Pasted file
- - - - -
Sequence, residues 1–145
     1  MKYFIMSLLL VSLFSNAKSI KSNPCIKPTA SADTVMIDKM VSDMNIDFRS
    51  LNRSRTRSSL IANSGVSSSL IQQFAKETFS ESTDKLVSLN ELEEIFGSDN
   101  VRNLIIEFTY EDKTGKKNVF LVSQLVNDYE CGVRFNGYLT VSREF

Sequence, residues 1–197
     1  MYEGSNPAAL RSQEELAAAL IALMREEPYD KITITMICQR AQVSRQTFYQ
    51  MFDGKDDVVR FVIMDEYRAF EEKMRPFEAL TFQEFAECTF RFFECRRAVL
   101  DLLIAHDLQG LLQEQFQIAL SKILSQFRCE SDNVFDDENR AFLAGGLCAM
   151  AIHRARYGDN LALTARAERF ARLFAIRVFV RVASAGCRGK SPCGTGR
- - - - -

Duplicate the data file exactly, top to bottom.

Sequence, residues 1–145
     1  MKYFIMSLLL VSLFSNAKSI KSNPCIKPTA SADTVMIDKM VSDMNIDFRS
    51  LNRSRTRSSL IANSGVSSSL IQQFAKETFS ESTDKLVSLN ELEEIFGSDN
   101  VRNLIIEFTY EDKTGKKNVF LVSQLVNDYE CGVRFNGYLT VSREF

Sequence, residues 1–197
     1  MYEGSNPAAL RSQEELAAAL IALMREEPYD KITITMICQR AQVSRQTFYQ
    51  MFDGKDDVVR FVIMDEYRAF EEKMRPFEAL TFQEFAECTF RFFECRRAVL
   101  DLLIAHDLQG LLQEQFQIAL SKILSQFRCE SDNVFDDENR AFLAGGLCAM
   151  AIHRARYGDN LALTARAERF ARLFAIRVFV RVASAGCRGK SPCGTGR